An American Haunting (2005)

Directed by Courtney Solomon [Other horror films: N/A]

I’m somewhat of two minds about this one. I certainly like some of the scenes in the film, and I don’t object to that much of the movie, but the finale didn’t really feel right to me, and the ending scene itself struck me as just overly dramatic (here’s a hint: instead of screaming at a moving car, just call the police to stop the car. It’ll probably work better, at least if you’re white).

Before I go further, I should explain that there are two versions of this film, a PG-13 version and an unrated version. I didn’t know this before hand, but thankfully, it turns out I watched the unrated version, which was about eight minutes longer. I saw this film once before, and I can’t recall if what I watched then was also the unrated version, or perhaps the PG-13 version, but either way, what I thought about the movie the first time around is about what I think this time around.

I don’t hold it against the film for looking for an explanation that might be a little more memorable than your average supernatural movie, but I have to say, even with the tiny hints and clues that something else was afoot, it felt, at least to me, that the ending came out of nowhere. Also, while I believe that the victim of such a circumstance might be forced to forget about the incident, others who happen to just walk into such a situation strike me as not being able to forget so quickly. It just felt odd, especially when it seems that the entity, whatever it was, set out to harm and persistently bother both Donald Sutherland’s and Rachel Hurd-Wood’s characters.

Some years ago, I watched a Japanese film known as Tales of Terror: Haunted Apartment, and it was mostly a decent little Asian horror film. That was, until the ending, which threw in a plot twist that, as far as I could tell, was basically never hinted at once throughout the previous hour and a half, and it just felt like it was thrown in to shock people. Here, there are hints given, but I don’t know if they’re too subtle or maybe not given enough, but it just didn’t really feel like an earned finale to me.

I’ve only seen Sutherland in a handful of movies (the most recent ones being the 2004 Salem’s Lot mini-series and the 2003 remake of The Italian Job), but I think he’s pretty okay here. I think that if the story had been changed up a little, his character could have been a lot better, but hey, he’s still a good actor. Rachel Hurd-Wood is solid too, though she doesn’t necessarily have a high amount of personal agency in the movie. Sissy Spacek (most famous now and forever for Carrie) was fine here, as was James D’Arcy (who played Jarvis in the ill-fated Agent Carter series), but neither one blew the top off the house.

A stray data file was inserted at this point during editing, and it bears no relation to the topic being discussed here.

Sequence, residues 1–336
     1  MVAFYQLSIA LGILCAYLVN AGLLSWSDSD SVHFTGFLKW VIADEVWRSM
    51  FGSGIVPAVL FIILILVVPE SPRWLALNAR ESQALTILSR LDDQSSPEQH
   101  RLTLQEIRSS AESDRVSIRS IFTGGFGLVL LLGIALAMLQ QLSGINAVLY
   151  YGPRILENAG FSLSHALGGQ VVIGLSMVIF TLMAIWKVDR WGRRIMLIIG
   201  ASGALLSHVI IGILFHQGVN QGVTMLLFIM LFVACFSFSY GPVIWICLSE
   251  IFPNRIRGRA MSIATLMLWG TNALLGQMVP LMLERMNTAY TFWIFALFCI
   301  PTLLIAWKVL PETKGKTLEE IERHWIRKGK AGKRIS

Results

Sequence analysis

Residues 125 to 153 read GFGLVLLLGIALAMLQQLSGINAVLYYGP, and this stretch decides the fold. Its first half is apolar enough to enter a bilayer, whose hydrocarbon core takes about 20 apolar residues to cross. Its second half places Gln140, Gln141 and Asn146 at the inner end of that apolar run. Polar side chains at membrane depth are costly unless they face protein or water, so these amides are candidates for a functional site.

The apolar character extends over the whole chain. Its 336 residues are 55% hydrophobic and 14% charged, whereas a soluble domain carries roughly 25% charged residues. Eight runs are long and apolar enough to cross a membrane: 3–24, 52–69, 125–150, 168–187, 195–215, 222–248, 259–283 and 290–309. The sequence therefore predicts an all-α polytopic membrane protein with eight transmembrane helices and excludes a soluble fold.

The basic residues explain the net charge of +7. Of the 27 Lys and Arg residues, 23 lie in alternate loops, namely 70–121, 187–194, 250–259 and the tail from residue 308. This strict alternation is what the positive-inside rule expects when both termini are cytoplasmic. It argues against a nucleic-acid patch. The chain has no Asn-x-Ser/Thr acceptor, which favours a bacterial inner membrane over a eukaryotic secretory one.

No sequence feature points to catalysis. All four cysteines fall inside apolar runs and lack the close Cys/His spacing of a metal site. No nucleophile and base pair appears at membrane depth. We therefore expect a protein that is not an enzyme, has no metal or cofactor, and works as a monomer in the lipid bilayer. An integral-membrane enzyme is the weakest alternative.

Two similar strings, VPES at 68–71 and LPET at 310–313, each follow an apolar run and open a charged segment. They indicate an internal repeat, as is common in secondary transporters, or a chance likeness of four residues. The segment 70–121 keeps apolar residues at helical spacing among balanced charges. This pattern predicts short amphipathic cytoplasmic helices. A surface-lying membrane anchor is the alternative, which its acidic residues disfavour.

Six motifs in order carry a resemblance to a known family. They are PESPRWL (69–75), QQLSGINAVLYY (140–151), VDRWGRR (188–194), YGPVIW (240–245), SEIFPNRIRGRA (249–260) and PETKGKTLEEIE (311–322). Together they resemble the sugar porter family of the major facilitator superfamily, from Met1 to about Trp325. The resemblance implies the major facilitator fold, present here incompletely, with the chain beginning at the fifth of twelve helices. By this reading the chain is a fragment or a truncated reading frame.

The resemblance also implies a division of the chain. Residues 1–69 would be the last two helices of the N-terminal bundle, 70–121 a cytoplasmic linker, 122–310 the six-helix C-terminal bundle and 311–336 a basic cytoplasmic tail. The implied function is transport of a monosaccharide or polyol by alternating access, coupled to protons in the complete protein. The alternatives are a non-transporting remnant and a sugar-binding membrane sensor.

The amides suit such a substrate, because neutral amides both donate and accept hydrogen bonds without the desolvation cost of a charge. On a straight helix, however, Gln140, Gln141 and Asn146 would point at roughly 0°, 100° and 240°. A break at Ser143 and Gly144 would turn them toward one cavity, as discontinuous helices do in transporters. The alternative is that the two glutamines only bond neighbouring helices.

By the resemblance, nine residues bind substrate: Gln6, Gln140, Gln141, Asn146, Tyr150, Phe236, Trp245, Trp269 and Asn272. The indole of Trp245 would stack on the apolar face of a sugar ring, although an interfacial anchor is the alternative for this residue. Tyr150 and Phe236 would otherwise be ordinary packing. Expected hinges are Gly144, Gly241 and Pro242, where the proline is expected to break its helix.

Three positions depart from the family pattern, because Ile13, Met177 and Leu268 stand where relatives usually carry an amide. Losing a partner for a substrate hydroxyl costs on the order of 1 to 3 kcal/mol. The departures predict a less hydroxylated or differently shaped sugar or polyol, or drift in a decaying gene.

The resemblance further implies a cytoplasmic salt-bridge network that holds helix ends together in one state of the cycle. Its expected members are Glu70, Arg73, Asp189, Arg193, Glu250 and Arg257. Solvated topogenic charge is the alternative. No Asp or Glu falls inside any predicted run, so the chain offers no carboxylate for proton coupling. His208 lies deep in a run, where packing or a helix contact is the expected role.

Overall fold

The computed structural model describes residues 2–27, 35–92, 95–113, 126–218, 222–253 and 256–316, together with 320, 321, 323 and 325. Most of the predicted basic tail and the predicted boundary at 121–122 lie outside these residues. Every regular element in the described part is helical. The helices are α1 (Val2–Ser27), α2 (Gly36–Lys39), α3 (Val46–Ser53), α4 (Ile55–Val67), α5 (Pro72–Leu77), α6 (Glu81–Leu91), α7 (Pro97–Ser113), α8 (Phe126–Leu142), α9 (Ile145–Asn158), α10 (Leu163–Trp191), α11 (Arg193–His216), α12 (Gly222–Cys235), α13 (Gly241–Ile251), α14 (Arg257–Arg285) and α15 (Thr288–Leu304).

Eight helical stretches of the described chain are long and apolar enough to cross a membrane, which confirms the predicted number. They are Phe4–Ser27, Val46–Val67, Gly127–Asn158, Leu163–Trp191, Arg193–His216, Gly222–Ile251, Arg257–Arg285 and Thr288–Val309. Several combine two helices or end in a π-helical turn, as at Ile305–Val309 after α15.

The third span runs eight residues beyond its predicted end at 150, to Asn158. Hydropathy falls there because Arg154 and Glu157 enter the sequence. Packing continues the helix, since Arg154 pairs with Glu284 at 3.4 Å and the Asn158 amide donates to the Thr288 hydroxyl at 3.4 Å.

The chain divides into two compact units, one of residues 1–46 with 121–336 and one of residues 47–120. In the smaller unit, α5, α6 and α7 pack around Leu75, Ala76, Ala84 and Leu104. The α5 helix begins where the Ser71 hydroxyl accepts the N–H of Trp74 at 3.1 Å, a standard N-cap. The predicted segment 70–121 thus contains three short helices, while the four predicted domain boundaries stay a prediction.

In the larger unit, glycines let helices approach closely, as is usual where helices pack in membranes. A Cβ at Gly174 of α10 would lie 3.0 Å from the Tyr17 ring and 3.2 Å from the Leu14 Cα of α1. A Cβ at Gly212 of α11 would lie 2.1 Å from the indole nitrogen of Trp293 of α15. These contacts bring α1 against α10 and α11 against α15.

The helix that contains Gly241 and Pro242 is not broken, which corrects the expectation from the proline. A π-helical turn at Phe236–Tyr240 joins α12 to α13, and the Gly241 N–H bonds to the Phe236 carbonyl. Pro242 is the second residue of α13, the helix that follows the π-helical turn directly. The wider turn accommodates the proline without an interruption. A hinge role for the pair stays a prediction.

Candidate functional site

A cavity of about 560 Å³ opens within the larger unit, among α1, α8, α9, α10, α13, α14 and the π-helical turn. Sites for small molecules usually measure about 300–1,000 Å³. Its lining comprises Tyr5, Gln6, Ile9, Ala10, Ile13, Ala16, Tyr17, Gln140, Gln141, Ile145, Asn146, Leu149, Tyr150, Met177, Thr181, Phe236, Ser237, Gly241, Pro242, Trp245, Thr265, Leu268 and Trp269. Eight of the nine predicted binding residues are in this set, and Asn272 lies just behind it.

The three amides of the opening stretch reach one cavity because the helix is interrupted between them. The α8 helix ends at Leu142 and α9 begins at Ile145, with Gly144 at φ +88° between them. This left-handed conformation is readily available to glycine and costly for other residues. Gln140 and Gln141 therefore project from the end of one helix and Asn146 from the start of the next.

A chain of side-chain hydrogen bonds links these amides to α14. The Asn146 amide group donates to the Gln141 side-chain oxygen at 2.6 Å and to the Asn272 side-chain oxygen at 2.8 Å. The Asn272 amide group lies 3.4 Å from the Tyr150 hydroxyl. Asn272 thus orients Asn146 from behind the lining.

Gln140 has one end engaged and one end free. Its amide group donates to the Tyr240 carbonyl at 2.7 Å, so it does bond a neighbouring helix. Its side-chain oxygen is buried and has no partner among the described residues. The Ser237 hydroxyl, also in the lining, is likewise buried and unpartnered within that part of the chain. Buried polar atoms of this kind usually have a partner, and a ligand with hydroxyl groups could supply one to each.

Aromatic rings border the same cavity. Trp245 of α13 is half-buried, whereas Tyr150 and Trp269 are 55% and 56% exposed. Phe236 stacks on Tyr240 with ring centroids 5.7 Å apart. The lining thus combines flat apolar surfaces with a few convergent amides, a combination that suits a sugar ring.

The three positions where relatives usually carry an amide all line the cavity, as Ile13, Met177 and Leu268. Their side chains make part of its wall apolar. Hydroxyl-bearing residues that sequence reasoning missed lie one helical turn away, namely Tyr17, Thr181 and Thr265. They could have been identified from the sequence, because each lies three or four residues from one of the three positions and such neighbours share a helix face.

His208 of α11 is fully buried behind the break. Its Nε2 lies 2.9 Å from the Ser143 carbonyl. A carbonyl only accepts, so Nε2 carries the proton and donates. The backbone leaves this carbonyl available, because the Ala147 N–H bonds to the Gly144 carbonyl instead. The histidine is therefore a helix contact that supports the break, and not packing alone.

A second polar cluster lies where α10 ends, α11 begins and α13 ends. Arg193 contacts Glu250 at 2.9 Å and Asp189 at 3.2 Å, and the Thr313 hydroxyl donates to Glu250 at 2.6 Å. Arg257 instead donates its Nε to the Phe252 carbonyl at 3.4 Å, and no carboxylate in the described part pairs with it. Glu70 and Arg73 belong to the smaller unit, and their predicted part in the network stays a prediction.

Many of the haunting scenes themselves are decent, though few are stellar. Much of it is the being-held-down-by-an-unseen-entity variety, but that carriage scene was pretty solid from beginning to end. Also, I think Hurd-Wood’s interactions with the spirit at school were all enjoyable, though I wish the spirit had done more to help her than to terrify her, but then again, who am I to criticize how a spirit operates?

Once all is said and done, and we get past that ending which still feels off, An American Haunting is an okay movie, and certainly more well-made than some other versions of the story (such as the low-budget 2004 Bell Witch Haunting), but I don’t think there’s enough here for me to call it a good movie, even with the unrated version at my disposal, and overall, while I think there’s some good things here, ultimately it’s below average.

6/10

The Devil’s Rejects (2005)

Directed by Rob Zombie [Other horror films: House of 1000 Corpses (2003), Halloween (2007), Halloween II (2009), The Haunted World of El Superbeasto (2009), The Lords of Salem (2012), 31 (2016), 3 from Hell (2019)]

Like many of the films I’ve seen recently, The Devil’s Rejects is one that I’ve not seen in years. There was a time in the past where I rated this quite highly, and I enjoyed it quite a bit. While I still derive quite a bit of enjoyment out of it, I don’t think it’s the masterpiece I once thought it was. Easily, though, this would be in Rob Zombie’s top movies, without question.

Also important to mention is something most people already know, being that this is a complete tonal shift away from the psychedelic House of 1000 Corpses. It’s a shift that I think makes sense, and more so, was probably necessary. In fact, the shift is so huge that this barely resembles a horror film, and, much like The Silence of the Lambs (which is arguably more horror than this), it’s on the fence of the genre. Personally, I’ve always seen enough here to count it, but I also dislike The Shining and Drag Me to Hell, so as always, take my opinions with a grain of salt.

I think what really pulls this movie together into the solid film it is are the fantastic central performances, especially from Bill Moseley, Sheri Moon Zombie, and Sid Haig. We don’t get a lot of Haig in the previous film, but here, he’s decently fleshed out, and his scenes with Zombie and Moseley are golden given their deep history and fun interactions, and that ending is an emotional gut-punch on par with Titanic’s finale (and I’m only half joking).